Sounding Cliffs

A soundscape composition project

Sounding Cliffs is a set of soundscape compositions originating from my 2019 ArtScape residency at the Joggins Fossil Cliffs, Joggins, Nova Scotia. The set includes three works, each focusing on sounds of a specific location within the UNESCO World Heritage Site. One of these compositions was completed at the end of my residency, and two others are currently in progress. Across MacCarron’s River was premiered on October 5, 2019 and revised later that year. This work is available for listening below, following notes about the project and the piece.

The Project

As the Joggins Fossil Institute’s 2019 Artscape Artist-in-Residence, my task was to explore the sonic environment of the Fossil Cliffs, capturing audio recordings and using these as source material for a sound-based (electroacoustic) composition. Beginning before and continuing throughout the residency, I made recordings from various sites along the designated region and in differing weather conditions. These included, among others, the tidal water as it impacts the shores and resonates off the cliffs, footsteps on diverse surfaces along the beach, rocks dropped and scraped, local birds, small streams, waterfalls and human interactions with the environment, such as voices and machines. Many of the recordings were done to explore potential sources while others — particularly those made toward the end of the residency — were intended to support compositional ideas already in progress. As expected, the dominant sound of the Joggins Cliffs — what R. Murray Schafer called the “keynote” — was that of water; in particular, the Bay of Fundy tides. But it was the wide range of water sounds that interested me most: everything from trickles and rhythmic babbles to waves blooping in rock crevices and booming near the cliffs.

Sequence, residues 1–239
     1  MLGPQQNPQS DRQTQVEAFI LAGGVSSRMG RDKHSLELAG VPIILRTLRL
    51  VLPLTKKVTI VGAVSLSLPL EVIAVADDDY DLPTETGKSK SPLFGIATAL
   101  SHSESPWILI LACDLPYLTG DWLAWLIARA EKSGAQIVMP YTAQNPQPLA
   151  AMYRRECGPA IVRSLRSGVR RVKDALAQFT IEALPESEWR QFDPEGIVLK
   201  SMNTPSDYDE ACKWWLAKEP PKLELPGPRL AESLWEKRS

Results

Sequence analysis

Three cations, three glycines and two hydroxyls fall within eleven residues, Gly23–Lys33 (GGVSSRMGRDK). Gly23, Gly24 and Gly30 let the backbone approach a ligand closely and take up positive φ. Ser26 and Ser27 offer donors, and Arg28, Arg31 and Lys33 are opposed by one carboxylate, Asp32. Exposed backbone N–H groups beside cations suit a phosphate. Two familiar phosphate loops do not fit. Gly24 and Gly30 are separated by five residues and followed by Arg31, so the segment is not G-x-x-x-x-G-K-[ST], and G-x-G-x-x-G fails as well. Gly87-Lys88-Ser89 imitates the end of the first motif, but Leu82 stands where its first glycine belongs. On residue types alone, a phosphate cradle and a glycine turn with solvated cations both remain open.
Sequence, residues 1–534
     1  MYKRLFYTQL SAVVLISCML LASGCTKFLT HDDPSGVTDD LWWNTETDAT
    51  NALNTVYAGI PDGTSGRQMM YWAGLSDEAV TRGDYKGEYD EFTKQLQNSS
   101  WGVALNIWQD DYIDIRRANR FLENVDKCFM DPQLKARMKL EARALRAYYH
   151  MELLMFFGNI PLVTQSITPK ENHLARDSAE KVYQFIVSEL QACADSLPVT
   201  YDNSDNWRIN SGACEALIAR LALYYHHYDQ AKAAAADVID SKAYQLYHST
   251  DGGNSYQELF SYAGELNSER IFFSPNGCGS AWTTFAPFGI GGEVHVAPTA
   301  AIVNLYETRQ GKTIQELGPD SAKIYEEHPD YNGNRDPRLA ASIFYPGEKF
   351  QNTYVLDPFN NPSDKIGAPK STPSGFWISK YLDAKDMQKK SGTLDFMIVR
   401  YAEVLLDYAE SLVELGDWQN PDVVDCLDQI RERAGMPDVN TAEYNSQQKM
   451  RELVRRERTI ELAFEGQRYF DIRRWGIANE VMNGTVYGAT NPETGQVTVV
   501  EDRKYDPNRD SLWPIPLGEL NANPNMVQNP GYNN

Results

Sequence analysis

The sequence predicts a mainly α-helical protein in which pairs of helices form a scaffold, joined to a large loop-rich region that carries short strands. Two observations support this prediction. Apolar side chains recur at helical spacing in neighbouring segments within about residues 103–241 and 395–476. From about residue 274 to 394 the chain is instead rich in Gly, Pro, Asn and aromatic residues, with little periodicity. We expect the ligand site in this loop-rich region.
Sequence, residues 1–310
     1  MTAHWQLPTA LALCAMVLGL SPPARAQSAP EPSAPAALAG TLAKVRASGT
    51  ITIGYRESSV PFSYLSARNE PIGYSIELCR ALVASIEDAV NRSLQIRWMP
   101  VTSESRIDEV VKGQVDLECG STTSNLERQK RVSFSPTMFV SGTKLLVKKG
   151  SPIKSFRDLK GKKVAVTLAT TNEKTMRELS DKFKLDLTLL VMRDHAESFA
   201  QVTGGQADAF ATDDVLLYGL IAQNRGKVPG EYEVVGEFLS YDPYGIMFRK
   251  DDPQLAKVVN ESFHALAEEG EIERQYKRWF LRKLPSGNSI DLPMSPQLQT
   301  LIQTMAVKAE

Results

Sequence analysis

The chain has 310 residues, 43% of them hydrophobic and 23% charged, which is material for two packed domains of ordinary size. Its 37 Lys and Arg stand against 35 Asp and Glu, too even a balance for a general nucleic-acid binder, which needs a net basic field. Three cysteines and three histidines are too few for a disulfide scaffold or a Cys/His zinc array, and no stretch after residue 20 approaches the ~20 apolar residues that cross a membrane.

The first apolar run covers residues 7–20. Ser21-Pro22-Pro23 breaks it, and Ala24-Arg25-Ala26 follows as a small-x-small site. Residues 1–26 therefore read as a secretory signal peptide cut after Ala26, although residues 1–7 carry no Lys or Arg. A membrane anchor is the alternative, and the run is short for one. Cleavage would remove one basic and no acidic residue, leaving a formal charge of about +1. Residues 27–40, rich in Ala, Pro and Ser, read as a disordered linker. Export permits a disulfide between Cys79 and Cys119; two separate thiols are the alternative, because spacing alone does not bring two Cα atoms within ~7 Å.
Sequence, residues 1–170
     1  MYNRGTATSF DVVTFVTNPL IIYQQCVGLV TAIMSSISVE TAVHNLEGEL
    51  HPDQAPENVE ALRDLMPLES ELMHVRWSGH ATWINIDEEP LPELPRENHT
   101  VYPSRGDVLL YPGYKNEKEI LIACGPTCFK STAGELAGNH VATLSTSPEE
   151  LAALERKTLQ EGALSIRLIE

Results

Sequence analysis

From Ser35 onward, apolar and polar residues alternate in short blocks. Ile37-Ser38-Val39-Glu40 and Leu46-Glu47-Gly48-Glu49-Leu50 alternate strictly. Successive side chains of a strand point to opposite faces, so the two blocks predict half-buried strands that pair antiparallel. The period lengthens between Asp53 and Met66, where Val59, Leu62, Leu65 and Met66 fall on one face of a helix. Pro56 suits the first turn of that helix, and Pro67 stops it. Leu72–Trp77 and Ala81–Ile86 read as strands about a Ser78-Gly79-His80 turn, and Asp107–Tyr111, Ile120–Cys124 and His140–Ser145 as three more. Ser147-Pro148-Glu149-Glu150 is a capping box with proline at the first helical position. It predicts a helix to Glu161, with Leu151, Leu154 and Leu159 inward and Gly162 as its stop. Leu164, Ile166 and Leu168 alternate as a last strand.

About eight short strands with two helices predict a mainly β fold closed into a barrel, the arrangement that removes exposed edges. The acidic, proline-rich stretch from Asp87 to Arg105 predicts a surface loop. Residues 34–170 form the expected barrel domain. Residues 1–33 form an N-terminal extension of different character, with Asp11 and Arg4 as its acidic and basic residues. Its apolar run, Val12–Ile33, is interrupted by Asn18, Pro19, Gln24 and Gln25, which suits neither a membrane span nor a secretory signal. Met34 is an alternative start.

My approach to composing with these sounds follows the tradition of soundscape composition (as does some of my previous works): a practice of electroacoustic, or sound-based, music that is distinguished by its purpose to to draw the listener’s attention to the sounds and contexts of specific acoustic environments. While many soundscape compositions —including those of pioneering composers Barry Truax and Hildegard Westerkamp — also transform these sounds to varying degrees, the objective is always to focus awareness on the unique characteristics of a given sonic environment. In line with this practice, I constructed perspectives of the Joggins Fossil Cliffs from segments of field recordings of sites, individual sounds recorded up close (e.g., tapping on iron rails left on the beach) and sounds digitally processed in order to enhance patterns inherent in the natural sounds. My initial plan was to compose a single 15-20 minute work; however, given the sheer quantity and variety of the sources captured, it soon became evident that a multi-movement piece, or collection of separate compositions, might be more appropriate than a single work. In the end, I opted for three independent works, each focused on one of three sites in the area.

I am grateful to the Joggins Fossil Institute for providing this unique opportunity and to ArtsNS, ArtsNB and the Municipality of the County of Cumberland for generous financial support. I also thank Dan Matthews for being my guide on many of the recording trips: introducing me to interesting sites in the area, and helping me to do such things as walk on a sandstone reef without falling and getting on and off the beaches safely during the incoming tide.

The Composition

Across MacCarron’s River was composed entirely from sounds recorded at the region known as MacCarron’s River. Here the cliffs form a bend, curving inland, leaving a large space between cliffs to the north and south with a stream running westward out to the bay. The north side of the stream is always accessible from the main road via a sloping path; but as the tide comes in, the stream swells, making crossing to the cliffs on the south side or back difficult.

The composition used edited natural and digitally transformed versions of the sound sources to construct environmental perspectives from the stream to an area near the cliffs on the south side. The general trajectory follows a path through the variety of water sounds found in the area: the babbling, bubbling stream under calm conditions, a waterfall from the cliffs during the spring thaw, a tiny stream leading from the waterfall to the bay, the waves of the incoming tide, the thundering sound of that tide as it resonates off the cliffs, and the opening stream in a rougher, more active state.


I acknowledge the support of Arts Nova Scotia.  This project is also supported by the New Brunswick Arts Board/Ce projet est également soutenu par le Conseil des arts du Nouveau-Brunswick.

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